The reality is though, that you know what your car is worth by now so don’t be greedy; in these post-internet days you cannot ask over the odds and expect people to travel on a wing-and-a-prayer that you’ll drop by more than about 10%.
Now sit back and watch the buyers flock to you. No, seriously, if you’ve done your job properly they will. And then, when you’ve got the cash in the bank, you can do it all in reverse, and buy your new car.
The same rules apply when you are buying a car – almost. We’ll assume that you are buying a car to use, rather than to make a profit on, and that you intend to keep it for a couple of years or so.
Newer cars are worth more than older cars, something so self-evident that it doesn’t need us to point it out. Or does it?
Take a car registered on the 28th February 2013. This will wear a ‘62’ plate. The same car, registered one day later, will wear a ‘13’ plate and be more in demand when it comes to sell it on the secondhand market.
You can use this to your advantage; some dealers are so desperate to sell a pre-registered car that they will knock thousands off the price to get it sold before a plate change. This saving may well offset the loss you will make when it comes to sell it on, so do the maths and don’t get too hung up on registration dates. We’ve seen pre-registered cars with fewer than 1,000 miles advertised at less than half the showroom price for a brand new one.
Modern cars are so reliable that 100,000 miles only means that they’re nicely run in – and a high mileage generally means that the car has been sitting on a motorway at low engine revs for mile after mile after mile. This is a Very Good Thing; the oil is warm, mechanical stresses are low, the brakes, clutch, and suspension are hardly being used, and it will have been serviced on the dot.
Yet the public hates high-mileage cars. Offer a low-mileage car owned by a little old lady alongside a high-miler, ex-fleet car and former will sell more quickly and for more money, even if it has never had chance to warm up, suffers from a dodgy clutch, and dozens of parking dings. Weird, huh?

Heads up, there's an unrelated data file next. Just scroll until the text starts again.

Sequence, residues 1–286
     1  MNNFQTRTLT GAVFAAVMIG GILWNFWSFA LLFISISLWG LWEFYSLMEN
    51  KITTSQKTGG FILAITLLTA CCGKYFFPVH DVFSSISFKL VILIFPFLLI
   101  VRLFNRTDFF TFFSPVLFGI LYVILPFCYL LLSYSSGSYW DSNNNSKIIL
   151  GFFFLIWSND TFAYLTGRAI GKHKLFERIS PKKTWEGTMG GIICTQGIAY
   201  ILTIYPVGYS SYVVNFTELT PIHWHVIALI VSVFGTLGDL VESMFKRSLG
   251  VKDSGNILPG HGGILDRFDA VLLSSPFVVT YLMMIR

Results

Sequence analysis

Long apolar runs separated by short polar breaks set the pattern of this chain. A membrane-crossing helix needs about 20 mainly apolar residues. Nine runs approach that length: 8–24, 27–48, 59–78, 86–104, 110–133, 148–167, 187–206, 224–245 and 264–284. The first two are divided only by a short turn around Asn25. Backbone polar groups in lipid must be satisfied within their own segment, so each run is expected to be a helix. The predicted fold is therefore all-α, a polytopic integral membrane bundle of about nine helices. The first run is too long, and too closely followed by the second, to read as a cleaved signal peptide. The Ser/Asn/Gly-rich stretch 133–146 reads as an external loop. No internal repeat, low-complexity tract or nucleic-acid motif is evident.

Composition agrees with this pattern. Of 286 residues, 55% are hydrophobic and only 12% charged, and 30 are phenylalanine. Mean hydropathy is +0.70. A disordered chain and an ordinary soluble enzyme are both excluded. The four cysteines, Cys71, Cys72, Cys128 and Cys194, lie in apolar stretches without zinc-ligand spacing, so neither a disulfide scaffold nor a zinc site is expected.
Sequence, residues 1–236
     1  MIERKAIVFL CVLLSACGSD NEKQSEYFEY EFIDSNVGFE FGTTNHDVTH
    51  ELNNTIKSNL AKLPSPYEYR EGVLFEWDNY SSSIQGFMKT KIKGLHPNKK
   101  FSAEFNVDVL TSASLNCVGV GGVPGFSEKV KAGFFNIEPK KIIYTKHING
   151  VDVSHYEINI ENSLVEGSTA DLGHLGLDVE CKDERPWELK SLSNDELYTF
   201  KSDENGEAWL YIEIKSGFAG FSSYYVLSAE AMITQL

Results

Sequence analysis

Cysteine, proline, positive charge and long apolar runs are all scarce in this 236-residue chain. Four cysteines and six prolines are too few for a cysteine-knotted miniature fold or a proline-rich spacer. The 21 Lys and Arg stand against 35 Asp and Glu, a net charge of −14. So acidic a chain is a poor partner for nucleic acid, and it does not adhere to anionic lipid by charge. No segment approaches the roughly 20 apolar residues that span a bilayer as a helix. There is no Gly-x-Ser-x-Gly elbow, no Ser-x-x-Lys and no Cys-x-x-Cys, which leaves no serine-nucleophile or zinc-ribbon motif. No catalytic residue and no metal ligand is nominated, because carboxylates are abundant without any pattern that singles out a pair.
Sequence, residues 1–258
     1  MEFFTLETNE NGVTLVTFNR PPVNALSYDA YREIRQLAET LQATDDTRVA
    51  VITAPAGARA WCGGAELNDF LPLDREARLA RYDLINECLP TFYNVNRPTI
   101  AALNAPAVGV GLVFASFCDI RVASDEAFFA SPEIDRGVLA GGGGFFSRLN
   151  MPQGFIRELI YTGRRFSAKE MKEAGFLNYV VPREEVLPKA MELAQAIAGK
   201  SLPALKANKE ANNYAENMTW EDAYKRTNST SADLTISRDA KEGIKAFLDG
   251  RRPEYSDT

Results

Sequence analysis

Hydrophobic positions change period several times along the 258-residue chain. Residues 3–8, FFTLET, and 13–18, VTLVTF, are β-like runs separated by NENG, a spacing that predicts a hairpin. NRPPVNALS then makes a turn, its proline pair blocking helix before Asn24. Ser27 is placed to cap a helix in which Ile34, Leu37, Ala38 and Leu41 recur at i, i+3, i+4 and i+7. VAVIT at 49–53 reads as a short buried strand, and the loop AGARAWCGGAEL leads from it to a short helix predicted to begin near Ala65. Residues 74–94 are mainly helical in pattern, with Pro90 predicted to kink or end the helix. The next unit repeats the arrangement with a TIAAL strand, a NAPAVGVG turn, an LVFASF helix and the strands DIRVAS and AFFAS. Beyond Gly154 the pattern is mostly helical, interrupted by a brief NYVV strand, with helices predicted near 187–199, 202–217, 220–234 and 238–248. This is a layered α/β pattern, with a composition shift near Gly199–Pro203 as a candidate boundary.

Talking of which, the overall condition of the car is the biggest variable after age, mileage, and colour. This can, again, be used to your advantage.
If you are buying, look beyond surface dirt; factor in the cost of a valet and knock twice that amount off the asking price. Ditto worn tyres, a cigarette burn in the seat, or a dent in the door. All are fairly cheap to fix – just make sure you factor in the cost of doing and then add a bit on for your time. This is how the trade adds value and increases their profit.
Colour is subjective but there are some rules; executive and premium cars sell best in silver and sober, dark colours. Small, city cars sell best in bright colours. Sports car look good in silver and red. No-one likes brown cars. These are immutable rules and if you break them you will pay the price; that pink Range Rover might suit you down to the ground but it won’t half cost you when it comes to selling it. (Unless Katie Price is around, in which case your problems might not be limited to selling your car…)
Never, ever buy a car with a short MOT. If it only has a couple of months to run there is a reason. The days of dodgy MOTs are (mostly) gone, but double-check the MOT online anyway; if nothing else it will give you the advisories, so you know what to expect when you MOT in a year.
Cars with service history, a wedge of old MOTs, and a boxful of receipts are worth more than those without – and they’re worth every penny. They will be more reliable, better to drive, and worth more when you come to sell.
Unless you are buying a very rare, very old classic car there are dozens, if not hundreds, of your model out there. So offer a fair price and walk away if you can’t do a deal you are comfortable with. Leave them your number and be prepared to wait.
The only cars we’ve ever regretted buying are those that we’ve bought in haste. You have been warned…